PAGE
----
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27 F.

3d 562

NOTICE: Fourth Circuit I.O.P. 36.6 states that citation of

unpublished dispositions is disfavored except for establishing
res judicata, estoppel, or the law of the case and requires
service of copies of cited unpublished dispositions of the Fourth
Roy C. BERG, Jr., Plaintiff-Appellant,
COMMANDER, Fifth Coast Guard District, DefendantAppellee.
No. 93-1529.

United States Court of Appeals, Fourth Circuit.

Argued: March 7, 1994.
Decided: June 22, 1994.

Appeal from the United States District Court for the Eastern District of
Virginia, at Richmond. Robert E. Payne, District Judge. (CA-92-193-R).
Argued: Thomas Henry Oxenham, III, Oxenham, Rhode & Oxenham,
P.C., Richmond, VA, for appellant.
Robert William Jaspen, Asst. U.S. Atty., Richmond, VA, for appellee.
On brief: Helen F. Fahey, U.S. Atty., Richmond, VA, for appellee.
Before NIEMEYER and HAMILTON, Circuit Judges, and CHAPMAN,
Senior Circuit Judge.

Roy C. Berg, Jr., challenges his disenrollment from the United States Coast
Guard Auxiliary. The Auxiliary is a volunteer, nonmilitary organization
administered by the Commandant of the United States Coast Guard, which has
as its statutory goals the promotion of safety, efficiency, training, and
compliance with maritime laws and regulations, and effecting rescues on
navigable waters. 14 U.S.C. Sec. 822. Membership in the Auxiliary is open to
owners of boats, aircraft and radio stations, and others with special training or
experience qualifying them for duty. 14 U.S.C. Sec. 823. Auxiliary members
"may be disenrolled pursuant to applicable regulations." 14 U.S.C. Sec. 824.
The only applicable regulation regarding disenrollment provides:

2 member of the Auxiliary shall be disenrolled on request; upon ceasing to possess

the qualifications for membership; for cause; upon direction of the Commandant; or
upon death.

5 C.F.R. Sec. 5.17.

Berg, who joined the Auxiliary in 1985, was disenrolled in December 1991 for
disruptive conduct, prejudicing "the good order" of the Auxiliary and imposing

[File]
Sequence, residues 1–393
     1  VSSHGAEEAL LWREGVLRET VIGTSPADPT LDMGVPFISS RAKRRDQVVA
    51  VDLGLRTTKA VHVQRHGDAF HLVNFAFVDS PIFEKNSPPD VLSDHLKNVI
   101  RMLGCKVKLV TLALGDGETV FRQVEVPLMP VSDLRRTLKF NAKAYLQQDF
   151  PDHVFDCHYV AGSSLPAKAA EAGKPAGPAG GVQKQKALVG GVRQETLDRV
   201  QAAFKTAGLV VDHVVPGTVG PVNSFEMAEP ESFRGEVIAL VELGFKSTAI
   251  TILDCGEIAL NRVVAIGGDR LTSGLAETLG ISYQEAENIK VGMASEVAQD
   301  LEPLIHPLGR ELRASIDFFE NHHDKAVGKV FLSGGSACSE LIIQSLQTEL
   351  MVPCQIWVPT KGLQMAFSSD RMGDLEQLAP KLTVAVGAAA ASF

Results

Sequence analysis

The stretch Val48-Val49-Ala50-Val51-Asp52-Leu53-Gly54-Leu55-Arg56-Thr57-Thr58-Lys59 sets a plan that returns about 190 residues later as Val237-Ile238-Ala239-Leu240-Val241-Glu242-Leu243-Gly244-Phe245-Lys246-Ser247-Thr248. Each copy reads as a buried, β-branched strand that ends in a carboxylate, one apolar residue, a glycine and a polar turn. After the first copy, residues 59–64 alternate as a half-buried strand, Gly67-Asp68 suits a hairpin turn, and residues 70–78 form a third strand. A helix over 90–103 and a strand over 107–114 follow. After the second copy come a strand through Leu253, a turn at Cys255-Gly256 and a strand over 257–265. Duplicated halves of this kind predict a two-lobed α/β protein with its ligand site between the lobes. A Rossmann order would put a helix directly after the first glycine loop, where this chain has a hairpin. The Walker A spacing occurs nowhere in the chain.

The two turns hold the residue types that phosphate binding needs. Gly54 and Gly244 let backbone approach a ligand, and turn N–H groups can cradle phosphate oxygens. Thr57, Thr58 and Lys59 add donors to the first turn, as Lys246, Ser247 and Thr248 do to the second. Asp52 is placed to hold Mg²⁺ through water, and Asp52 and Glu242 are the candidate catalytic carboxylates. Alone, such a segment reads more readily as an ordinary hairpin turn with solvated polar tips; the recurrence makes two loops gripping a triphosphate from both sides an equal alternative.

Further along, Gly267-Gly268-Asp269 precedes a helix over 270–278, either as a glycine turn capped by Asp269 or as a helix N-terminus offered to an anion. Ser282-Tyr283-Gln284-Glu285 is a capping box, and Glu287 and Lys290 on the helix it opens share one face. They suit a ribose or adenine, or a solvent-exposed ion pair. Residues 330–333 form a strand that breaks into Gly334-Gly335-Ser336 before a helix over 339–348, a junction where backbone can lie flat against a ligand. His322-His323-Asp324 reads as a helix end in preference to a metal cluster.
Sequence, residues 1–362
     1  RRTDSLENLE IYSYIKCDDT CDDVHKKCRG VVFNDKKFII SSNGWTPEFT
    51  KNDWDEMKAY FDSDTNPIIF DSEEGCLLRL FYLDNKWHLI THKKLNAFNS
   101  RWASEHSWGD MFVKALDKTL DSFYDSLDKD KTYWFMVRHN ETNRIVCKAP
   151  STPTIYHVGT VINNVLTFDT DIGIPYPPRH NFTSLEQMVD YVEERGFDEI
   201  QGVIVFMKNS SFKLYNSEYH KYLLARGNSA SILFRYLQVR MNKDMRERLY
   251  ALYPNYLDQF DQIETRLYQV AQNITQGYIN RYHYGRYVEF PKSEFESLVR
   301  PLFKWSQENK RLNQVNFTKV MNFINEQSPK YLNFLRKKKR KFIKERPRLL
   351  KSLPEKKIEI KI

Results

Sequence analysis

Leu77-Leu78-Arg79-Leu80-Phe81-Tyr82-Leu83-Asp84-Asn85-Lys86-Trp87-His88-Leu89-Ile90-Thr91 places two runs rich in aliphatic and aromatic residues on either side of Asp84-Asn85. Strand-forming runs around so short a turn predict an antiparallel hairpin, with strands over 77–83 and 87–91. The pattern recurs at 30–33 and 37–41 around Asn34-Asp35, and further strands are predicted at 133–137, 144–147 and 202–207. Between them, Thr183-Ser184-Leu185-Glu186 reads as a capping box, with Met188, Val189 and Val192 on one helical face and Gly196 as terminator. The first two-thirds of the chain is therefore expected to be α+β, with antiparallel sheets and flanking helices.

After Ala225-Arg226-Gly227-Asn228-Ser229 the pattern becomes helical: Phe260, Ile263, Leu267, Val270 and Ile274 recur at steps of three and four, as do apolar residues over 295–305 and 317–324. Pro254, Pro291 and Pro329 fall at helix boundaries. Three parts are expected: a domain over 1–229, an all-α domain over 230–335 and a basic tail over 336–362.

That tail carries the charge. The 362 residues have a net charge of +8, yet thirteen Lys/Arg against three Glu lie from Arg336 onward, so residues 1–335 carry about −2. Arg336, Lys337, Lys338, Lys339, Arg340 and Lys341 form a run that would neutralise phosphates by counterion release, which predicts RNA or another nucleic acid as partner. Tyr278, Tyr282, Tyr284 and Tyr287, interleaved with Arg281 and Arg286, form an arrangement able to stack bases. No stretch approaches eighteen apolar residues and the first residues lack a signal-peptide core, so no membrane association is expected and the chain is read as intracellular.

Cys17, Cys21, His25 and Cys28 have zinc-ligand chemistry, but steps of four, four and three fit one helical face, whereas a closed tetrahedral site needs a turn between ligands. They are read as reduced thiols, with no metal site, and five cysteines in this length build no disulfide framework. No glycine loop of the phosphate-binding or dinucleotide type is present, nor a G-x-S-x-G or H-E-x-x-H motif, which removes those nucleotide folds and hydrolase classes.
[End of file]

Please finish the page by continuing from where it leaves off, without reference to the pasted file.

an unacceptable administrative burden on his unit's command. The events
leading to the disenrollment decision began with certain disagreements between
Berg and other Auxiliary members in his Fifth Southern Region flotilla leading
to defamation and assault lawsuits involving the other members. Berg
ultimately prevailed in the defamation claim and was acquitted of the assault
charges. As a result, the Coast Guard disenrolled Gueline Watson, another
Auxiliary member, but it refused to take disciplinary action against other
Auxiliary members against whom Berg had grievances. This refusal resulted in
an acrimonious exchange of letters and phone calls between Berg and Lt.Willie
M. Dupriest, who from July 1991 through May 1992 was the Director of
Auxiliary for the Southern Region of the Fifth Coast Guard District.

On October 16, 1991, Lt.Dupriest wrote Berg a letter, informing him that no
action would be taken against two Auxiliary members against whom Berg had
filed complaints and urging him to refrain from entangling the Coast Guard
Auxiliary in his private litigation concerns, as they were becoming an
administrative burden on the unit. Berg responded to this warning with several
tendentious telephone calls, after which Lt.Dupriest warned Berg that his calls
were abusive, insulting, and an administrative burden, and requiring Berg in the
future to communicate with the Auxiliary command only in writing.

In response, Berg wrote a long and vituperative letter to Lt.Dupriest, in which

he withdrew from his positions as Flotilla Communications Officer, Operations

Officer, and Temporary Vessel Examination Officer, and withdrew his offer to
the Coast Guard permitting it to make use of his radio and boat equipment. In
spite of this letter, however, Berg maintained that he remained a member of the
Coast Guard Auxiliary. Berg followed up this letter with another in December
1991, in which he threatened Lt.Dupriest with legal action if Lt.Dupriest
attempted to "exceed[his] authority."

In response to these letters, which Lt.Dupriest characterized as having a "rude,

sarcastic, demeaning tone and content" and as being "prejudicial to the good
order of the Auxiliary," and in response to the unacceptable administrative
burden foisted by Berg upon the unit command, Lt.Dupriest notified Berg on
December 20, 1991, that he would be recommending Berg's disenrollment from
the Auxiliary. Lt.Dupriest's superior officer, Capt. Rufe, approved Dupriest's
recommendation that Berg be disenrolled, and, on appeal, Rear Admiral Leland,
the District Commander, affirmed by denying the appeal.

Berg filed suit in the district court for a de novo trial, contending that the action
of the Coast Guard in disenrolling him was arbitrary and capricious and
violated his due process rights. He requested that the district court reverse the
disenrollment decision. The district court declined to undertake a de novo
review of the Coast Guard's actions, and instead reviewed the disenrollment
procedures under an arbitrary and capricious standard pursuant to the
Administrative Procedure Act, 5 U.S.C. Sec. 706(2)(A). The district court
concluded that the disenrollment decision was not arbitrary, capricious, or
otherwise violative of Berg's rights to due process, and it dismissed the

We have reviewed the record and considered carefully the arguments of

counsel for the parties. For the reasons stated by the district court in its
memorandum opinion and order dated December 31, 1992, and its
supplemental memorandum opinion and order dated January 20, 1993, Berg v.
Commander, Fifth Coast Guard Dist., No. 3: 92 CV 193 (E.D. Va.), we affirm.